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You are allowed to use free-standing blocks like this...

var something = 1;
{
  var something = 2;
  print("Inside: " + something);
}
print("Outside: " + something);

This is from: http://eloquentjavascript.net/chapter3.html#p3c7ae609

But what's the point of having blocks like that? What purpose does it serve?

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closed as not constructive by Oded, Eitan T, Ben D, alfasin, Jeremy J Starcher Sep 29 '12 at 1:58

As it currently stands, this question is not a good fit for our Q&A format. We expect answers to be supported by facts, references, or expertise, but this question will likely solicit debate, arguments, polling, or extended discussion. If you feel that this question can be improved and possibly reopened, visit the help center for guidance.If this question can be reworded to fit the rules in the help center, please edit the question.

    
Ooops, I kept reading, and: "In fact, although blocks like this are allowed, they are utterly pointless." Guess I'll vote to delete the question? –  wwaawaw Sep 28 '12 at 19:22
    
Might as well. It is not something we could answer anyway and is certainly under the "not constructive" umbrella. –  Oded Sep 28 '12 at 19:23
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4 Answers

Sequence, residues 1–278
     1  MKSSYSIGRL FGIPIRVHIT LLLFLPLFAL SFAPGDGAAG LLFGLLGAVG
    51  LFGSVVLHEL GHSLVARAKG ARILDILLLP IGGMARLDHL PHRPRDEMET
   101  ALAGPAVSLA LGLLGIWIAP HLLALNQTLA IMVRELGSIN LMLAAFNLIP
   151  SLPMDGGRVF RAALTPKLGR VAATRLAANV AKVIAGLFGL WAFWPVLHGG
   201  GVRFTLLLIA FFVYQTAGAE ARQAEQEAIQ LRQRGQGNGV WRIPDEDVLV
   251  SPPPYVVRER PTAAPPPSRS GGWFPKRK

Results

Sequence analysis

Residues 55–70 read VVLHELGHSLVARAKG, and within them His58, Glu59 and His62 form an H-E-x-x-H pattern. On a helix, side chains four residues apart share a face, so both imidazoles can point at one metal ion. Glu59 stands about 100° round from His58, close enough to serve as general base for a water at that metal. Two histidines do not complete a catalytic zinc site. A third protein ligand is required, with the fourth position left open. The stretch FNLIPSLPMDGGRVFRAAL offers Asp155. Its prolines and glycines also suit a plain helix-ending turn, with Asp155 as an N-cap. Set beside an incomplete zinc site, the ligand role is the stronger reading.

up vote 3 down vote accepted

In ES6 there'll be block scoped variables declared with let, at which free-standing blocks won't be pointless any more.

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Also see: stackoverflow.com/a/12646143/1597180 –  wwaawaw Sep 29 '12 at 11:43
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Free standing blocks don't usually add any value in a script, however they can be used for code organization, such as splitting out an equation:

One Line:
//long equations are hard to read
foo = bar * baz + fizz - buzz;
Block:
{
    //this groups relevant information into a descrete section
    foo = bar;
    foo *= baz;
    foo += fizz;
    foo -= buzz;
}

Although, long equations that perform operations based on a standard set of inputs are usually broken out into their own function:

As Function:
function qux(bar, baz, fizz, buzz) {
    var ret;
    ret = bar;
    ret *= baz;
    ret += fizz;
    ret -= buzz;
    return ret;
}

foo = qux(bar, baz, fizz, buzz);
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Accepted this but check out @Alnitak's as well. –  wwaawaw Sep 29 '12 at 3:37
1  
odd, I'd never consider using a block the way you did in your example because the braces add nothing useful. It would be just as well done with four separate lines with some whitespace (and maybe a comment) separating it from the preceding code. –  Alnitak Sep 29 '12 at 6:29
    
@Alnitak yeah, that makes sense, though I hadn't thought of it that way. Visual masturbation? –  wwaawaw Sep 29 '12 at 12:50
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You answered your own question. From the article linked in the OP:

In fact, although blocks like this are allowed, they are utterly pointless.

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Ooops, I kept reading, and here's my answer:

In fact, although blocks like this are allowed, they are utterly pointless.

http://eloquentjavascript.net/chapter3.html#p6f53387f

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